When a VM fails over to a different host, it is recommended to keep the same IP address so that once its applications come online the end-users can immediately connect to it without reconfiguration of endpoints. This means that the application or VM should use the same subnet across all hosts so that the same IP address can be used. This is relatively easy when the cluster is in a single location, but this becomes complex if there are multiple sites.
The most common ways to keep a static IP address on the same subnet after a cross-site failover are to stretch a virtual LAN (VLAN) across sites or to use network virtualization to abstract the physical networks of both sites.
A simple diagram showcasing this idea can be seen below:
Optimize Client Reconnection Speed During VM Failover with Different IPs
If you have to change the IP address after the failover, there are a few ways to speed up the time it takes for the client to receive the new IP address, then reconnect to the VM. If you are using DHCP, then the application will likely get a new and random IP address. You can edit the HostRecordTTL cluster property of the workload to change the application’s DNS setting by reducing its Time To Live (TTL). This controls how quickly the DNS record expires, which forces the client to request a new record with the new IP address so they can try to reconnect. Most Windows Server applications have a default HostRecordTTL of 1200 seconds (20 minutes), which means that after a cross-subnet failover, it can take up to 20 minutes for the end-user to get an updated DNS record and reconnect to their application. Most critical applications will recommend TTL values of 5 minutes or shorter.
If you are using known static IP addresses at both sites then you can configure the application or VM to try to connect with either IP address. By setting the cluster property RegisterAllProvidersIP to TRUE, every IP address that DNS has used for that resource will be presented to the client who should automatically try to connect to them, iterating through the list. The IP address must have been previously registered in DNS by that workload, which means that the application must be failed over and brought online on each subnet during deployment or testing. Not all clustered workloads support the RegisterAllProvidersIP property, so verify that it can be used for your application.
Always Take Backups
Even if you have decided to replicate your data between sites, it is essential that you still regularly take backups and test the recovery process. Backup providers usually offer a broader feature set than replication and are more resilient to different types of failures. Since backups are usually stored offline, they prevent “bad” data from being replicated from the primary VM to the replica.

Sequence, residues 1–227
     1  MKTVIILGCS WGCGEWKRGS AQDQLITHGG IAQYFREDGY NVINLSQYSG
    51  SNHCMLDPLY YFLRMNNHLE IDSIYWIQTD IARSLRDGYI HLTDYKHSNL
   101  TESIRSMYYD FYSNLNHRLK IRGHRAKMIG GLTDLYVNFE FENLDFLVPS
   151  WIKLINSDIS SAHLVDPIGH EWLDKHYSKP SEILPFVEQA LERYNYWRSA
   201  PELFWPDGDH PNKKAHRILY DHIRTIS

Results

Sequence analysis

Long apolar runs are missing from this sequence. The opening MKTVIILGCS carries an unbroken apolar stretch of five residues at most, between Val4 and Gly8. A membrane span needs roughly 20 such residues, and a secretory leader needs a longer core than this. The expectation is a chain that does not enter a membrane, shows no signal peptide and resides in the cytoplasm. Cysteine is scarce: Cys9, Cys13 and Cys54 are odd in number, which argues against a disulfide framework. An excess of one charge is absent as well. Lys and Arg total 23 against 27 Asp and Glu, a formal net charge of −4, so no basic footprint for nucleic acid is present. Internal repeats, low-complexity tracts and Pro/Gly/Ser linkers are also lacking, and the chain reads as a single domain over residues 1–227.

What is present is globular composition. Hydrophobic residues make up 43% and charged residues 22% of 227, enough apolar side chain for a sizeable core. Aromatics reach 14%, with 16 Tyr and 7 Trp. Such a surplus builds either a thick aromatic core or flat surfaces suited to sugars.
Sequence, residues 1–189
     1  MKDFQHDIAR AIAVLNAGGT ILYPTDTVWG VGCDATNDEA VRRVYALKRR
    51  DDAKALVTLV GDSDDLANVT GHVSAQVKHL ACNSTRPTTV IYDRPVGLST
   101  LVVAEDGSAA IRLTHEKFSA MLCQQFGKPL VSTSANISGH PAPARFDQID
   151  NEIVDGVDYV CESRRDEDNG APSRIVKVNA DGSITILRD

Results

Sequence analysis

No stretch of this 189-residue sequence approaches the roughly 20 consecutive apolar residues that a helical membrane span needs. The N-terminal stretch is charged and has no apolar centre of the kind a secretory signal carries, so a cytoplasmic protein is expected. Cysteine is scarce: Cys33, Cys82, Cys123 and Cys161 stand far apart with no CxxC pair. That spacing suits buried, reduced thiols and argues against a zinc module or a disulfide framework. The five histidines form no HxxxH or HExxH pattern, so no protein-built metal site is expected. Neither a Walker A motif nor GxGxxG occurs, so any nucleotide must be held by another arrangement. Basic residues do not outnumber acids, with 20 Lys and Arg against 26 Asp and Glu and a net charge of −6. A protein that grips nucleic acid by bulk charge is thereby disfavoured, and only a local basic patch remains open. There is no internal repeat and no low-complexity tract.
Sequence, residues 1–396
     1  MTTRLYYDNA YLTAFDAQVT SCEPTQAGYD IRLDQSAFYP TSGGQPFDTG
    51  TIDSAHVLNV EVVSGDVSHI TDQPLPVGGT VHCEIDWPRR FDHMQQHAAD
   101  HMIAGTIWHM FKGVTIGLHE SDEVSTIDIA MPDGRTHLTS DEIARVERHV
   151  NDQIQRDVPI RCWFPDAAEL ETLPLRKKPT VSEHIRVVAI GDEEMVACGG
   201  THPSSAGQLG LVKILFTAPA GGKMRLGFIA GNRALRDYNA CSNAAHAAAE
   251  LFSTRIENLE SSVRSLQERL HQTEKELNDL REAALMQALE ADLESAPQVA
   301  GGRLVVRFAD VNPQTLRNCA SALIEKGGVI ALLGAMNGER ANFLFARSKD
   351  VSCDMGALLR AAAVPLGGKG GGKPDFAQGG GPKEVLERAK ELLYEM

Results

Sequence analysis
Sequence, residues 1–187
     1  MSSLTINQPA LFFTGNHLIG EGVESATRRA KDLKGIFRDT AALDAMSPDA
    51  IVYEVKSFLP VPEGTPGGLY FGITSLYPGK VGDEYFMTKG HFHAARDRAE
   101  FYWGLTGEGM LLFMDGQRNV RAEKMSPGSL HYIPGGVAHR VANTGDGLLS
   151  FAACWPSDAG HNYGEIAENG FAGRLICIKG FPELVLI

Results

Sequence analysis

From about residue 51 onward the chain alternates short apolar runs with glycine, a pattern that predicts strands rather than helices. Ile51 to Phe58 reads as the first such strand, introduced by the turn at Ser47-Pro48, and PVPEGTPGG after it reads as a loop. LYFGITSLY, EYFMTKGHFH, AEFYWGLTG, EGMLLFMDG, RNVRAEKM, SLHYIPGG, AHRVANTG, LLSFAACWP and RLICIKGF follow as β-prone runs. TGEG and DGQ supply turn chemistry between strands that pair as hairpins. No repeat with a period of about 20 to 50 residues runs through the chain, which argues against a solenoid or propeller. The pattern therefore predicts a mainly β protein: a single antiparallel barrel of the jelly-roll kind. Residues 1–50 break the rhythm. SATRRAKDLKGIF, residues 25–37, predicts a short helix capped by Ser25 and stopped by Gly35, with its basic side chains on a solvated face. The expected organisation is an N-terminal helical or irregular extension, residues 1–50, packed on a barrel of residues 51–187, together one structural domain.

For example, if a virtual machine is infected with a virus or becomes corrupt, replicating it to a second site simply means that this “bad” data now exists in both locations. In this case, a healthy backup must be used in order to properly recover. So in addition to optimizing your backup recovery process, make sure that you have accessible backups at both your primary site and your disaster recovery site. Remember that backups will generally take longer to recover after a crash as the file needs to be located, mounted, restored, and tested before a service can come online. As a rule, backup restorations do take longer than a DR failover, so plan accordingly in this situation.
When a disaster strikes, ensure that you are ready to bring your services online as fast as possible by optimizing your hardware and software as we’ve discussed above.
- By automatically monitoring VM failover within a cluster, you can bring your local services online faster.
- To prevent the loss of an entire datacenter, configuring a disaster recovery site (or use the public cloud) for replication.
- Ideally, retain the IP address after failover and help your clients reconnect quicker.
- When all else fails, make sure you have a complete backup solution for both sites.
- Most importantly, make sure that you regularly test your processes and train your staff in these best practices.
Not a DOJO Member yet?
Join thousands of other IT pros and receive a weekly roundup email with the latest content & updates!